Summary: A four-week online anger management program helps reduce anger and aggression and improve emotional regulation in those with aggressive behaviors.
Source: Karolinska Institutet
Anger management problems can have dire consequences for the sufferer and their loved ones.
A new study from the Center for Psychiatric Research at the Karolinska Institute in Sweden shows that four weeks of internet therapy can help people with anger and aggression.
The results were published in the journal Journal of Consulting and Clinical Psychology.
The study, which the researchers chose to call the “anger study,” is the first to compare different Internet-mediated emotion regulation strategies for anger. The results are expected to be important for the understanding of emotion regulation and the dissemination of evidence-based methods.
Attracting participants is easy
“Attracting participants for treatment studies is usually very difficult. And for the anger study, it was too easy and we had to close the recruitment site after a few weeks due to the high number of applicants. This shows that there is a great need for psychological treatment of anger.
“A lot of people with anger issues are embarrassed, and we think the online format is particularly suitable for this group because they don’t have to wait in a waiting room or sit face-to-face with a therapist to talk about their anger. says Johan Bjureberg, associate professor at Karolinska Institutet’s Center for Psychiatric Research and researcher in charge of the study, which was carried out in collaboration with researchers at Örebro University in Sweden.
Anger research evaluated the effects of two emotion regulation strategies: careful emotion education; and cognitive reappraisal. Mindful emotion awareness focuses on one’s ability to notice and accept one’s feelings and thoughts without judging or acting on them. Cognitive reappraisal, in contrast, focuses on the ability to reinterpret thoughts and situations and identify alternative thoughts that do not trigger difficult feelings.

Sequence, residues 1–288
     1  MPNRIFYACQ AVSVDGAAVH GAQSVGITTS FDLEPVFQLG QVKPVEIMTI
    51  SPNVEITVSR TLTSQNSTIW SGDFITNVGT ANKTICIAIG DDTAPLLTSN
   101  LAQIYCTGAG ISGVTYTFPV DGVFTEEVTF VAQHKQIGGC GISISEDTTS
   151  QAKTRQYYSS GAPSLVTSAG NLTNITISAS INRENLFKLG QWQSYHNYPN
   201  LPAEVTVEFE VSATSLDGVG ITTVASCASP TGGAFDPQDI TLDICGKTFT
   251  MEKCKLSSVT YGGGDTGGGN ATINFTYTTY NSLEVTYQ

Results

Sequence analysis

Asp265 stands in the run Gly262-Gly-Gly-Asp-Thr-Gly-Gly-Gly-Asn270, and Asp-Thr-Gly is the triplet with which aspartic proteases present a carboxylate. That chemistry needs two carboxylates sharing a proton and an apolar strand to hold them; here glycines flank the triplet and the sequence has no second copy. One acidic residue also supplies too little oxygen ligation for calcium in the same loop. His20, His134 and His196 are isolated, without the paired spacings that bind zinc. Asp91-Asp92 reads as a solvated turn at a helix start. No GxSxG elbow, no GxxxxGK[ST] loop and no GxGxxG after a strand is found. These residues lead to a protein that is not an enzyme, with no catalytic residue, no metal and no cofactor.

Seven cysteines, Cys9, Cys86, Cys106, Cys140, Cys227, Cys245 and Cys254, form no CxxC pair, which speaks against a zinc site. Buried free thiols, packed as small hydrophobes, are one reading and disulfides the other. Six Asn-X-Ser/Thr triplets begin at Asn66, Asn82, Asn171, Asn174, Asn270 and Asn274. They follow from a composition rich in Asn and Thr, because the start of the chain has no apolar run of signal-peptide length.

234 participants with significant anger problems were randomly assigned to four weeks of either mindful emotion awareness, cognitive reappraisal, or a combination of the two strategies. All treatments were approximately the same length and were associated with reductions in self-reported anger and aggression at the end of treatment.
Combination therapy is most effective
The combination treatment resulted in significantly lower levels of outward anger expression, aggression, and angry rumination, but not anger suppression, compared with conscious emotion awareness or cognitive reappraisal alone. This combination was particularly effective for participants who experienced very high levels of anger at the beginning of the study.
The findings reinforce research and theories that difficulties in regulating emotions and interpreting events and situations may be a major contributor to anger management problems.
“Our results show that a very short online treatment of just four weeks with minimal therapist support is effective in reducing anger problems. We hope that further studies will support this finding and that the treatment can be widely offered as part of routine care,” explains Johan Bjureberg.
Funding: The research was funded by the Knut and Alice Wallenberg Foundation. No conflict of interest reported.
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Author: Press Service
Source: Karolinska Institutet
Contact: Press service – Karolinska Institute
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Original Research: Closed entrance.
“Targeting Maladaptive Anger with Brief Therapist-Supported Internet-Delivered Emotion Regulation Treatments: A Randomized Controlled Trial” by Johan Bjureberg et al. Journal of Consulting and Clinical Psychology
Targeting maladaptive anger with brief therapist-assisted internet-based emotion regulation treatments: A randomized controlled trial
Purpose: To assess the relative effectiveness of three brief therapist-assisted internet-based emotion regulation treatments for maladaptive anger (mindful emotion awareness) [MEA]cognitive reappraisal [CR]and mindful emotion awareness + cognitive reappraisal [MEA + CR]) and to examine whether baseline levels of anger pathology moderate treatment outcome.
Method: The treatments were evaluated in a randomized controlled trial. In total, 234 participants with maladaptive anger (59% female; mean age = 41.1, SD = 11.6) were randomized to MEA (n = 78), CR (n = 77), or MEA + CR (n = 79) . Self-reported primary and secondary outcomes were monitored at the primary endpoint 3 months after treatment discontinuation (88% retention). Primary outcomes were also assessed weekly during the long-term baseline (4 weeks) and active treatment phase (4 weeks).
Results: On the primary endpoint, MEA + CR was superior for anger expression (d = 0.27 95% confidence interval, CI [0.03, 0.51]), aggression (d = 0.43 [0.18, 0.68]) and angry rumination (d = 0.41 [0.18, 0.63]). MEA + CR was particularly effective in reducing anger expression (d = 0.66 [0.21, 1.11]), aggression (d = 0.90 [0.42, 1.39]) and angry rumination (d = 0.80 [0.40, 1.20]) for those who reported higher outcome values (+1SD) at baseline.
Results: Brief therapist-assisted internet-delivered MEA and CR treatments are effective interventions for maladaptive anger. Combining MEA and CR is particularly effective in reducing anger expression and aggression in individuals reporting higher levels of baseline anger pathology. This study highlights the importance of emotion regulation as an important treatment target for reducing maladaptive anger.